Clapton FC chief executive Vince McBean recently made his first public statement for over four months to explain why he was trying to liquidate the charity which runs the club”s historic Old Spotted Dog ground,
Mr McBean wrote on his club website, on 26th April: “Newham Community Leisure owes money and those individuals want their money back.”
Over a year since the attempted liquidation began, and as the court tussle rumbles on, we can finally reveal who those ‘individuals’ who want their money back are – and it’s mainly Vince McBean himself.
The court documents we have seen, dated May 4th 2018, show six creditors claiming to be owed £233.043 in total, of which £199,443 is to three individuals and the remainder to three companies.
- Vince McBean £164.123
- Shirley Doyle £24,070
- Wilfred Thomas £11.250
- ST Bennett & Co Insolvency Practitioners £22,000
- Taylor Bridge Legal £9,600
- Baptiste & Co Accountants £2,000
Mr McBean is listed as the biggest creditor by far, owed the lion’s share at £164.123.
The second biggest creditor Shirley Doyle, the club’s secretary, is said to be owed £24,070. Former Clapton manager Wilfred Thomas is down as being owed £11.250.
While the charity is said to owe over £230,000 now, accounts available on Companies House show that when Mr McBean arrived in January 2000, it had no debts. In fact it had a surplus of £7,653 and was running at an annual profit.
By 2012, however, the debts had grown to £80.765, but then the Clapton Ultras emerged, revitalising the club’s fortunes after decades in the doldrums. The next five years should have been a boom time for both the club and Newham Community Leisure.
Instead, during this time the debts built up even quicker and income dropped dramatically. Accounts for December 2015 show declared income of just £9,961 for the year. The rent from Clapton FC alone should have been more than that, not to mention that from tenants London Bari and Vodafone’s phone masts, plus other income streams and grants we outlined in a previous article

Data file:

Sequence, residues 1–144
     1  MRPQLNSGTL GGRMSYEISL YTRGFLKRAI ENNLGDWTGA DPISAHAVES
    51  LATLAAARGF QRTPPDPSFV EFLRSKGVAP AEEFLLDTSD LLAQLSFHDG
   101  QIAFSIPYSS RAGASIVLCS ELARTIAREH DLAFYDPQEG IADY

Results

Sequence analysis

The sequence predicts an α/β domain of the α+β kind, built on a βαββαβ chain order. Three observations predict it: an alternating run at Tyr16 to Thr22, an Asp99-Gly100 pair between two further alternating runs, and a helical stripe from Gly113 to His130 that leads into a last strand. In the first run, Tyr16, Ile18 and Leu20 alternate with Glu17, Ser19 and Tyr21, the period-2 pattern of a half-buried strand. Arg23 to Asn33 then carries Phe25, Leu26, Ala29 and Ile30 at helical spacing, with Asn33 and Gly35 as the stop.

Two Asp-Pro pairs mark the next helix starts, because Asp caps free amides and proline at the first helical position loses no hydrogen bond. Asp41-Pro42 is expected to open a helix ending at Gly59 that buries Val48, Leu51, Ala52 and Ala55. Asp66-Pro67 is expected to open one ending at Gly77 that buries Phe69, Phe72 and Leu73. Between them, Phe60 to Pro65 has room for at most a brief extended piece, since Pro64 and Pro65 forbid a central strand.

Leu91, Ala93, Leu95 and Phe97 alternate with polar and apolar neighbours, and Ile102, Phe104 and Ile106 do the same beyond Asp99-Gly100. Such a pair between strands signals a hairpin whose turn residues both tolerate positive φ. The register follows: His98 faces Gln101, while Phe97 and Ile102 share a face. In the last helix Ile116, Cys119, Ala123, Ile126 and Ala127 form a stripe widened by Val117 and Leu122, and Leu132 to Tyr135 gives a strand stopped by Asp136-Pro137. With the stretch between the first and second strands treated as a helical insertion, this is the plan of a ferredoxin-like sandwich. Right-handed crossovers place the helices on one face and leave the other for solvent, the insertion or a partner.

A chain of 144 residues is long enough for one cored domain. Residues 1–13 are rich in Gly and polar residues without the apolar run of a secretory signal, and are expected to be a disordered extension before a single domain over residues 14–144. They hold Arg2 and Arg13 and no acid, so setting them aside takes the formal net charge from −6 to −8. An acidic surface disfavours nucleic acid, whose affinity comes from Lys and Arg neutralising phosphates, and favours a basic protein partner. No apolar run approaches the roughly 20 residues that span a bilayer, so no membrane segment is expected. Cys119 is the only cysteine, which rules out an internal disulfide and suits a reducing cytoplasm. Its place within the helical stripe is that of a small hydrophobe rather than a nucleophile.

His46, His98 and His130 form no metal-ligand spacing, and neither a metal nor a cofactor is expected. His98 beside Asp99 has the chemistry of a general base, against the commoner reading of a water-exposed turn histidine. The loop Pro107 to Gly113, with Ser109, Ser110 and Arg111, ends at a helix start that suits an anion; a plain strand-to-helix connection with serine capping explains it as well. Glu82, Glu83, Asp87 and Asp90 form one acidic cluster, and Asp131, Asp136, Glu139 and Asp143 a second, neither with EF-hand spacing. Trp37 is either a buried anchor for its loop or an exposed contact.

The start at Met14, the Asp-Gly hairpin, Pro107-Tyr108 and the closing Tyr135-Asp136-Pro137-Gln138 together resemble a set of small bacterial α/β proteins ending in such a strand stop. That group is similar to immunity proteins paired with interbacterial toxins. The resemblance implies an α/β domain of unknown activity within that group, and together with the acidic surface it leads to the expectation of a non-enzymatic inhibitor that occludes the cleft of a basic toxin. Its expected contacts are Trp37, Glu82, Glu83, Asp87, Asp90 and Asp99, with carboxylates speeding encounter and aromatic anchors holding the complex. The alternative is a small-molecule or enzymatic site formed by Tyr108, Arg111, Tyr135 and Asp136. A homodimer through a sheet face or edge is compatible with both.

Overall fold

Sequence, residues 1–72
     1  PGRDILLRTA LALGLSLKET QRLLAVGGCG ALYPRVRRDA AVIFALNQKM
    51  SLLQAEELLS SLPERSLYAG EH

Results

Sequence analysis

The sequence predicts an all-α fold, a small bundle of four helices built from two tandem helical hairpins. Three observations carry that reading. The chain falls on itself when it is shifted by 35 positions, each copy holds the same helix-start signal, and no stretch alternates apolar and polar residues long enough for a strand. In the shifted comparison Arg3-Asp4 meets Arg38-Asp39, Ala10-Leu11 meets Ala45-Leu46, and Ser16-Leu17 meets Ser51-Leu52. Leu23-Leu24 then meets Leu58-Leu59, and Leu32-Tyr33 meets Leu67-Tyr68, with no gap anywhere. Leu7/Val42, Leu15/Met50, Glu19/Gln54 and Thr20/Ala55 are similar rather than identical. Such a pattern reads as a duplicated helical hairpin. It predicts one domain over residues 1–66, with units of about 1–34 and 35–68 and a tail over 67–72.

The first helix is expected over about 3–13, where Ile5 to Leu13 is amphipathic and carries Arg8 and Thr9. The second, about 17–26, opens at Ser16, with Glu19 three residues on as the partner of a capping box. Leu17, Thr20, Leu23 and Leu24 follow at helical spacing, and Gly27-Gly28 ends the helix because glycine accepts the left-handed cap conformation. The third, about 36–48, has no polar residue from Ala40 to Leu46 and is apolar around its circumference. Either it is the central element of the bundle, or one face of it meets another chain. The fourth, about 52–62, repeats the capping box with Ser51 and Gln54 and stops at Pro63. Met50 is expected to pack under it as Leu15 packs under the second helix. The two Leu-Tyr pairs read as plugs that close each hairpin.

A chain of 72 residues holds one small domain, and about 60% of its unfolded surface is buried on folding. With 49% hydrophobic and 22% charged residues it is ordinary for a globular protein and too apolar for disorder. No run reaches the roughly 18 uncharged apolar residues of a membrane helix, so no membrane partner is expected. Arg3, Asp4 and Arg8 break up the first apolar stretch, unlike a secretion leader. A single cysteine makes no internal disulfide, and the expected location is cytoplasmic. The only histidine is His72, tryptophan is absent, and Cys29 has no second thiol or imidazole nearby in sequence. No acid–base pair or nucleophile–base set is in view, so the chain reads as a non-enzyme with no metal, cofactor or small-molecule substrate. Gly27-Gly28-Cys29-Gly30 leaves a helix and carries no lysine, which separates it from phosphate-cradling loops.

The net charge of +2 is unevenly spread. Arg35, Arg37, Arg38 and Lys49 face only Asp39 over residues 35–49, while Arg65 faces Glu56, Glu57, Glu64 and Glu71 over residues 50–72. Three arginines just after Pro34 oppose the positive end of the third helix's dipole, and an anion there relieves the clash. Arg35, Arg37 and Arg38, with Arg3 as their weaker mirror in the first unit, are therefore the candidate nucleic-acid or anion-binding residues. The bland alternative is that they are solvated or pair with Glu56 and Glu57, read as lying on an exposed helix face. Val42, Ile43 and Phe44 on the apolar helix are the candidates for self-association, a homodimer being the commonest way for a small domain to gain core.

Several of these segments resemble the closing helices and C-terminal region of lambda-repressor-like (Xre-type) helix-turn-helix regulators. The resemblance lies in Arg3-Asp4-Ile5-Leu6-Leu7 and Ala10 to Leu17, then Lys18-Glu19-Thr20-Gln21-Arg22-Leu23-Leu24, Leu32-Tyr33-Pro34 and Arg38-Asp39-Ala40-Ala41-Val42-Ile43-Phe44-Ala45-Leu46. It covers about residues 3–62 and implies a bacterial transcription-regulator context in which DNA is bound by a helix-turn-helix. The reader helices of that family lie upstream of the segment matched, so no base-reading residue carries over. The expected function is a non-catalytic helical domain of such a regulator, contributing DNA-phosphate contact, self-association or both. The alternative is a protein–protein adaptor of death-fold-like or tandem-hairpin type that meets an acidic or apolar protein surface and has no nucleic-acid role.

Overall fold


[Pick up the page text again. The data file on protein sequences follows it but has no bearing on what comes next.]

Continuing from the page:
So instead of a golden period, we end up with Mr McBean’s Clapton FC back playing in front of tiny gates due to a fans’ boycott, while Mr McBean’s Newham Community Leisure has racked up a six-figure debt to Mr McBean.
The debt is marked down as ‘loans’ on the ‘declaration of solvency’ filed by Mr McBean in March 2017. So what has Newham Community Leisure spent the money it’s been borrowing on? It’s unknown.
As we previously reported, there have been some ground improvements undertaken in the McBean era – a new gate, toilet block, scaffolding, two turnstiles, paint and some utilities work – but that is estimated to have cost below £20,000 rather than £200,000.
The only assets the charity claims – the freehold on the land currently used as a car breakers’ yard, and the leasehold on the rest of the Old Spotted Dog – predate Mr McBean’s time at the club. So whatever the £230,000 has been spent on, it isn’t regarded as an asset now.
Aside from the three individuals listed above, there are also three professional services companies listed as creditors for a total of £33,600.
Taylor Bridge Legal, run by struck-off solicitor Antoinette Olivia Taylor, has lodged a claim for £9,600. We are unable to contact Ms Taylor for comment, as her company has no website, email address or phone number listed online. Its listing on Companies House suggests the firm deals in real estate and copyright issues and general business services.
There are also self-explanatory amounts claimed by the charity’s long-term accountants, Baptiste & Co, for £2,000 and the liquidator, ST Bennett & Co, for £22,000. (Of course the liquidator’s claim would not have existed if the liquidation had not been voluntarily sought by Mr McBean.)
In the same recent article on the club website, Mr McBean admitted he wanted to sell a part of the Old Spotted Dog to pay back creditors, which we now know is mainly himself.
The consequences of losing this parcel of land – now used as a car breaker’s yard – could be disastrous for Clapton FC’s future at London’s oldest senior ground.
This is the only part of the Old Spotted Dog that could be cleared for a parking area for an away team’s coach and cars – essential, along with more seating and larger dressing rooms, for the ground to host football above the Essex Senior League.
So what was the £200,000 owed to the three individuals spent on? And does Mr McBean think he is the best custodian of Clapton FC and the Old Spotted Dog, having run up huge debts. while he tries to liquidate and partially sell off the ground, all to pay off creditors demanding money, led by Mr McBean?
We contacted Mr McBean and Ms Doyle via Clapton FC for comment before publication. However, we have received no reply as the club introduced a policy in November of not speaking to us.
If you are concerned about Mr McBean’s handling of London’s oldest senior football ground, the Old Spotted Dog, sign the petition calling on authorities to safeguard it here. The petition is closing on May 28th.